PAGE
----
Palmengarten – Friday week 2

Still no news from Sue at Palmengarten and none expected until Monday. But people are very obviously interested in the botanical art exhibition in the Palm House in Frankfurt. For those SBA members and associate members who sent in work for this exhibition, there is a lot of positive feedback from your pictures shown on this blog.

The Palmengarten exhibition title is ‘Poisonous and medicinal plants’. An item in the news today was very much in keeping with this and also a reminder as to the properties some of our beautiful plants actually have. It means that we can still see their beauty in our gardens, but some of these plants need to be treated with respect. That is where it is important to find out what we have in our gardens.

Apparently an inquest has heard about the death of an experienced gardener on an estate where there is Aconitum – common name ‘Wolfsbane’. There seems to be a possible association between tending the garden, symptoms and the death of the inividual concerned (you can tell I have worked with environmental exposure statistics – slightly different wording to the newspaper).

A quote from today’s Independent paper:

Tom Wells, from the Chelsea Physic Garden, said to the Times that wolfsbane was one of the most dangerous plants found in Britain’s gardens.

“The roots are where the highest level of poison is found, although it is still found in the flower,” he said. “If there were cuts on his hand, it would enter his bloodstream and affect his heart very quickly.”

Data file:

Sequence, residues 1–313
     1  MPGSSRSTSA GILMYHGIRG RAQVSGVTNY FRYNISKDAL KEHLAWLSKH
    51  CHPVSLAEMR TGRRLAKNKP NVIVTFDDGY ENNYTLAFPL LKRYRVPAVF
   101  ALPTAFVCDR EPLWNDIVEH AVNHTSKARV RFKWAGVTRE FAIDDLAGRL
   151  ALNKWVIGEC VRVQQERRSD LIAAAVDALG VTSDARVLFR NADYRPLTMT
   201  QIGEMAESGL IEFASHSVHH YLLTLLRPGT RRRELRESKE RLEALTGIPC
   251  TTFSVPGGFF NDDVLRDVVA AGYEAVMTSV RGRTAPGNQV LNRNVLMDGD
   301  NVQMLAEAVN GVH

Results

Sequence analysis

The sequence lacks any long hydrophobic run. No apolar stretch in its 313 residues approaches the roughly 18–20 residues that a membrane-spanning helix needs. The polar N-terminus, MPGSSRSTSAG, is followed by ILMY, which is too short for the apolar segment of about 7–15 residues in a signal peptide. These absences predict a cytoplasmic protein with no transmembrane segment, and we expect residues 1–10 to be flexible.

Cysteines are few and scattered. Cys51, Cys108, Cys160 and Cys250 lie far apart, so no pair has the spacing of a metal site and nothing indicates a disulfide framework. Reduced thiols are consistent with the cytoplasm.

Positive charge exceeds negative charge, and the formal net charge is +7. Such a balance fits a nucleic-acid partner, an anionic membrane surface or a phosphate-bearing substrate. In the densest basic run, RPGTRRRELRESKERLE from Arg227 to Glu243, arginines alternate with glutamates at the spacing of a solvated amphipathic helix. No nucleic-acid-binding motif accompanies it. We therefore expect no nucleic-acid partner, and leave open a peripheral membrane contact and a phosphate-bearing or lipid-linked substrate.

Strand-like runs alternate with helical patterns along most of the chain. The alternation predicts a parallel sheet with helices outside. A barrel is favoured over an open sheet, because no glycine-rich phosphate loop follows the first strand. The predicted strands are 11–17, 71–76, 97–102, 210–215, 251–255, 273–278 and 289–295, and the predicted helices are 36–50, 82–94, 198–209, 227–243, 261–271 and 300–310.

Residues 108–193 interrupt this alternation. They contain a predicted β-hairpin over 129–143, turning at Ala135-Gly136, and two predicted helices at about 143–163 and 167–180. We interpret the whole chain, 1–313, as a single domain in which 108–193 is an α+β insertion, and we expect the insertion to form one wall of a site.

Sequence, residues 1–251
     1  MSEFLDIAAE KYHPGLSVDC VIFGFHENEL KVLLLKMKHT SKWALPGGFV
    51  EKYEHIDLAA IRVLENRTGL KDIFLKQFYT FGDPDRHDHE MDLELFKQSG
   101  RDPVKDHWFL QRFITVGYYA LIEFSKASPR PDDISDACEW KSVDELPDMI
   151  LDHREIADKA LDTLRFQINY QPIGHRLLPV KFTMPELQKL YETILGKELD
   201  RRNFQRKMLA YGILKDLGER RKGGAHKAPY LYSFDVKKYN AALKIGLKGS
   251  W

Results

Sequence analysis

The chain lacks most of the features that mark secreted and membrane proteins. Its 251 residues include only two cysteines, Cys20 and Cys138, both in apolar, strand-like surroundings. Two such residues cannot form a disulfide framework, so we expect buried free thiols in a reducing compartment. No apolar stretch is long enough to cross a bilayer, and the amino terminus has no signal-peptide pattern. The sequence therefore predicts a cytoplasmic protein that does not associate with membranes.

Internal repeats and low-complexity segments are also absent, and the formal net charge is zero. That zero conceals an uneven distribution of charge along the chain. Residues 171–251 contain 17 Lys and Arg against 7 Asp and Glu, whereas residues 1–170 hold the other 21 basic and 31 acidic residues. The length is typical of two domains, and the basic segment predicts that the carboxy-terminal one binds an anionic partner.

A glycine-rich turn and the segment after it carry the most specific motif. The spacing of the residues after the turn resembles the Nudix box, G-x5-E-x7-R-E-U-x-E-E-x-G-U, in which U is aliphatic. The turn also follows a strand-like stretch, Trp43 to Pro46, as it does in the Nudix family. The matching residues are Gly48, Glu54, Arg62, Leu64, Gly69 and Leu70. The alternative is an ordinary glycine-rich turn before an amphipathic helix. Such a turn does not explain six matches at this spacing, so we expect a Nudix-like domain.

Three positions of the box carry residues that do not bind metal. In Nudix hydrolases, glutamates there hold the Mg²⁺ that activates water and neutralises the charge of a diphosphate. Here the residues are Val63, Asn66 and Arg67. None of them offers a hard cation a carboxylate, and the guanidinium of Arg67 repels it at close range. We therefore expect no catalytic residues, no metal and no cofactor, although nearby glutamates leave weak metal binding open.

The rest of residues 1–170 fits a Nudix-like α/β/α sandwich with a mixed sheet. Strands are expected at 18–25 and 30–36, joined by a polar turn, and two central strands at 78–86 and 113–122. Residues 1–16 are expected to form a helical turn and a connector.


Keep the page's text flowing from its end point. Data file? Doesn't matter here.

In severe cases the poisoning causes heart arrhythmia, paralysis of the heart and respiratory problems. Other symptoms include vomiting, dizziness and diarrhoea.

We have three pictures of Aconitum in the Exhibition and I will highlight only those pictures in this blog.

Artwork by Eiko Takano. Title: Aconite napellus - Monkshood (watercolour)
Artwork by Eiko Takano. Title: Aconite napellus – Monkshood (watercolour)
Artwork by Caroline Jackson-Houlston. Title: Aconite lycoctonum - Wolf's Bane (watercolour)
Artwork by Caroline Jackson-Houlston. Title: Aconite lycoctonum – Wolf’s Bane (watercolour)
Artwork by Yuriko Kojima. Title: Aconitum japonicum - Torikabuto (watercolour)
Artwork by Yuriko Kojima. Title: Aconitum japonicum – Torikabuto (watercolour)

I wish that I had been able to take the photos without the reflection on the glass, because in reality all three pictures are very beautiful and the style of each artist is completely different.

Go and see the exhibition at Palmengarten, the botanic gardens in Frankfurt. It is well worth a trip.

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